On a random google search for Shineshah (yes, like we’re the only self-obsessed ones out here), found this on a nice blog called ‘Day in and Day out‘.
This post is Perfetti and Digivaasi’s fault.
To cut a long story short ( the longer version is available on AlooTechie) is that Perfetti and Digivaasi have launched a game called Shineshah Challenge as a social media activity.
What i find very odd is the use of the term VIRAL while describing the game. I find it a bit difficult to comprehend that digitally active clients such as Perfetti and an agency like Digivaasi would be so careless in the usage of the word.
A viral is something which is created not by the people developing it but through a massive cascading effect owing to the attractiveness of the content that is being shown. In essence it is a stamp a particular item will get if its gets popular enough such as in the case of Evolution of Dance , Star Wars Kid and so forth, or the latest video doing the rounds in connection to United Airlines.
There is nothing wrong ofcourse is promoting a viral either , though personally i believe that pure virals are ones which are promoted through word of mouth and not an advertising push , but in the context it sounds like an Oxymoron unfortunately for both parties involved , in essence its saying :-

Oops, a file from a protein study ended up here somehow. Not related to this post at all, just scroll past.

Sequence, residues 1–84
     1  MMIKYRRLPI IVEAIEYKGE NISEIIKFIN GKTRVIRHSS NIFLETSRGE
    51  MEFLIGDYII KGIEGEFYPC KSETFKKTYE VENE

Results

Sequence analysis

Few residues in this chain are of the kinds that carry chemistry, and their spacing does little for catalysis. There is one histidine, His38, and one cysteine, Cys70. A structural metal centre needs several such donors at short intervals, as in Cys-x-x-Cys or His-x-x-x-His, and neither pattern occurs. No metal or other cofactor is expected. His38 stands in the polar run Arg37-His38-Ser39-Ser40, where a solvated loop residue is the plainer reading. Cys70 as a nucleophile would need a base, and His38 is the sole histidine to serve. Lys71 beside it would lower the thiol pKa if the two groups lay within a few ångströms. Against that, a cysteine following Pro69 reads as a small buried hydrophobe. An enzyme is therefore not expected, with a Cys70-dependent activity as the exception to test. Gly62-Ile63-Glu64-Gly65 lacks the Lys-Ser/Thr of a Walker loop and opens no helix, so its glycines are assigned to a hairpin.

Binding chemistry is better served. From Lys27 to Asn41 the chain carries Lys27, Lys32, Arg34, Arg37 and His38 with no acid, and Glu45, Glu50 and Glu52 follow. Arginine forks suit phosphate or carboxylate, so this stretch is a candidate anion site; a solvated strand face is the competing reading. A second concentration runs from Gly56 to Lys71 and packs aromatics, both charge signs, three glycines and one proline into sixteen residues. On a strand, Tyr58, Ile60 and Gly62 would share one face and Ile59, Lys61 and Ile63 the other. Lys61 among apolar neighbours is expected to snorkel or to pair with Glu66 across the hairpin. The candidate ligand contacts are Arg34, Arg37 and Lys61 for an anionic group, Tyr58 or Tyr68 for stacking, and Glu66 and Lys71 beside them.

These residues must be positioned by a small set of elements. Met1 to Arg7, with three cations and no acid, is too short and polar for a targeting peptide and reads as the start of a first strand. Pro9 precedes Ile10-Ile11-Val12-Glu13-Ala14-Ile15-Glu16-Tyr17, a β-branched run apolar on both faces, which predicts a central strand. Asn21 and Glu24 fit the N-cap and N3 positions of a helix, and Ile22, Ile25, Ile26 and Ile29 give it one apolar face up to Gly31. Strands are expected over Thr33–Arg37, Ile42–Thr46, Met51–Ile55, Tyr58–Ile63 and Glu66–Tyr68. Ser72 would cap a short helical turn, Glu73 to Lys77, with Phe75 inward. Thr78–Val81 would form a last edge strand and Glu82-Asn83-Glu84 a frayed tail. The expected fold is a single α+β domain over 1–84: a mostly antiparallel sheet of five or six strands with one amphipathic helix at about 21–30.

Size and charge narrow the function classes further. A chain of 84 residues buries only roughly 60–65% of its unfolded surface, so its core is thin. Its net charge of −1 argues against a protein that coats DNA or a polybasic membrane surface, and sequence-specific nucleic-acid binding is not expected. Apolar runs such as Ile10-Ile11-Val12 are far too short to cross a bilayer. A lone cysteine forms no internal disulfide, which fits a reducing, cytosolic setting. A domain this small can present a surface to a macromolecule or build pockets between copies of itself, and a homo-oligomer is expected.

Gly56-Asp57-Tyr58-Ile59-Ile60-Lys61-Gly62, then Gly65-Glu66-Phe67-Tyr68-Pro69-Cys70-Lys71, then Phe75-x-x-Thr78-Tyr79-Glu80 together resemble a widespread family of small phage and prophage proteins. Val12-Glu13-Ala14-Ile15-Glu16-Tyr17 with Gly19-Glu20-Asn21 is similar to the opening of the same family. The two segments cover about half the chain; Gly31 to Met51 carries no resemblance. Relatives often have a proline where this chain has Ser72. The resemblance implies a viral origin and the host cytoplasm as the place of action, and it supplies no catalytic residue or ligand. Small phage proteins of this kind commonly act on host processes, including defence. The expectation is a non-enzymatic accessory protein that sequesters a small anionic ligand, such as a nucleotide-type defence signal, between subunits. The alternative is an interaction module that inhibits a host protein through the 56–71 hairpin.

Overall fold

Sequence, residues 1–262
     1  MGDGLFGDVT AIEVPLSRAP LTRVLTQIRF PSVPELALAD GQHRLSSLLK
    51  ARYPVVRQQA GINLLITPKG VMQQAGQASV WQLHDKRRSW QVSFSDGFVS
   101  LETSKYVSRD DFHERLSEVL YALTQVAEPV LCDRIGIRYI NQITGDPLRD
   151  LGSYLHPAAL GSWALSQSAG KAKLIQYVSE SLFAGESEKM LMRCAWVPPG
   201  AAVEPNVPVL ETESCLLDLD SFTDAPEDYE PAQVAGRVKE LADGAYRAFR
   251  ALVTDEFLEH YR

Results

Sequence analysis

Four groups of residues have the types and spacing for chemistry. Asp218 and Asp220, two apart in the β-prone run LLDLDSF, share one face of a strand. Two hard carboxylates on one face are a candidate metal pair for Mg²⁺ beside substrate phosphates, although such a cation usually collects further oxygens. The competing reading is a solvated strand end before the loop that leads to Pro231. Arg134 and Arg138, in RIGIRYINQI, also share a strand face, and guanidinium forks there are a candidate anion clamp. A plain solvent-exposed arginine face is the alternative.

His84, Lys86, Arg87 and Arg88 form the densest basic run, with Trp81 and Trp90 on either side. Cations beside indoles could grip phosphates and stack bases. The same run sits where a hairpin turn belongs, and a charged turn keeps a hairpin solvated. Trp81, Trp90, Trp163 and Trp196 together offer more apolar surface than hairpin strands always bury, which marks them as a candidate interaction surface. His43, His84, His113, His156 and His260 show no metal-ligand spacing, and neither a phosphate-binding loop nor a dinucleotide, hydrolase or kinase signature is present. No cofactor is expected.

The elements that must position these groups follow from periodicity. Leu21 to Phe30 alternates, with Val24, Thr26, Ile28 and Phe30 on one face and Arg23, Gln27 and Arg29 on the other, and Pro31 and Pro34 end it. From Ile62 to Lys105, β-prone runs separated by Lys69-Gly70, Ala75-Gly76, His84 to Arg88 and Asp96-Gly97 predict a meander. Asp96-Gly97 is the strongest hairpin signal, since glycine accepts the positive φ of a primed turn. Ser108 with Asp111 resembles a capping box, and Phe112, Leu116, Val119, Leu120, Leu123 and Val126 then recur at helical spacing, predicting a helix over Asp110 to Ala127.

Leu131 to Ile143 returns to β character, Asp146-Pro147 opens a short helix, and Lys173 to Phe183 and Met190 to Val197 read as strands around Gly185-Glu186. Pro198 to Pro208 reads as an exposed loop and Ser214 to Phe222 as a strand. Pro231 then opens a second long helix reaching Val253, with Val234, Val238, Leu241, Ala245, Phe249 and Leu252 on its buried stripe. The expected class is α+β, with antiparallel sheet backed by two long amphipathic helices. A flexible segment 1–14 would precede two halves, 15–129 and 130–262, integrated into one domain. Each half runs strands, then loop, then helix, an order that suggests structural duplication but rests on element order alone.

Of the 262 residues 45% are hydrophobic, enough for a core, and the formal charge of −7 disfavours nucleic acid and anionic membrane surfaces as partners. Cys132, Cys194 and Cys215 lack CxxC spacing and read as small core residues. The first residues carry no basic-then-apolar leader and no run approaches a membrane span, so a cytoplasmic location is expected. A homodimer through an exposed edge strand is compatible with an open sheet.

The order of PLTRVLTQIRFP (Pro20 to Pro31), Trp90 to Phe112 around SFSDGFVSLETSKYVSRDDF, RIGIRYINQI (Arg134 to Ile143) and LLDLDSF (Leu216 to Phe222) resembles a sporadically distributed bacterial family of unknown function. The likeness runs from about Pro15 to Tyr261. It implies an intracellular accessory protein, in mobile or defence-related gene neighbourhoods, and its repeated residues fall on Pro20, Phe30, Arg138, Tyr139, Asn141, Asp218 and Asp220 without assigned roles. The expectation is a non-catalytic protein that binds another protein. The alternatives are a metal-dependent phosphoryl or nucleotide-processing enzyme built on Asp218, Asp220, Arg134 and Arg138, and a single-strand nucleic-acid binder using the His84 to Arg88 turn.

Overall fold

We have a viral video which we will promote through a banner campaign – If you had a viral video , there would be no need to promote it.
(Original post here.)
Well, we must say, we agree with most of what this blogger is saying.
While it may be true that some pieces of web advertising fall in the ‘viral marketing’ category, the misuse of this certain adjective has started to go too far these days. As the blogger points out, both the clients and the agencies are at fault here, distorting the meaning of the term and generally roasting their chickens before the eggs are hatched.
Although we make an effort not to indulge in this, we do plead guilty too because the bloody word has become so entrenched in our language that it’s easy to just use it. And it doesn’t help that it makes people feel good.
Anyway, we shall take extra care before using the v-word without proper justification. And we shall certainly not be using it as a noun. The next time someone tells us they want a ‘viral’ made, we’ll just say ‘Why what? We’ll make you some shit so funny, your target audience will go bonkers laughing!’.
Unfortunately, something tells us people won’t like to hear that.
But then, that’s what makes it fun, right?
For the record, ‘ShineShah’ has been around for a couple of months before the media promotion and contest began (the need for which is another debate altogether). And although we can’t provide metrics at the moment, and the benchmarks of course differ, but we think we can probably risk using the v-word for this one 🙂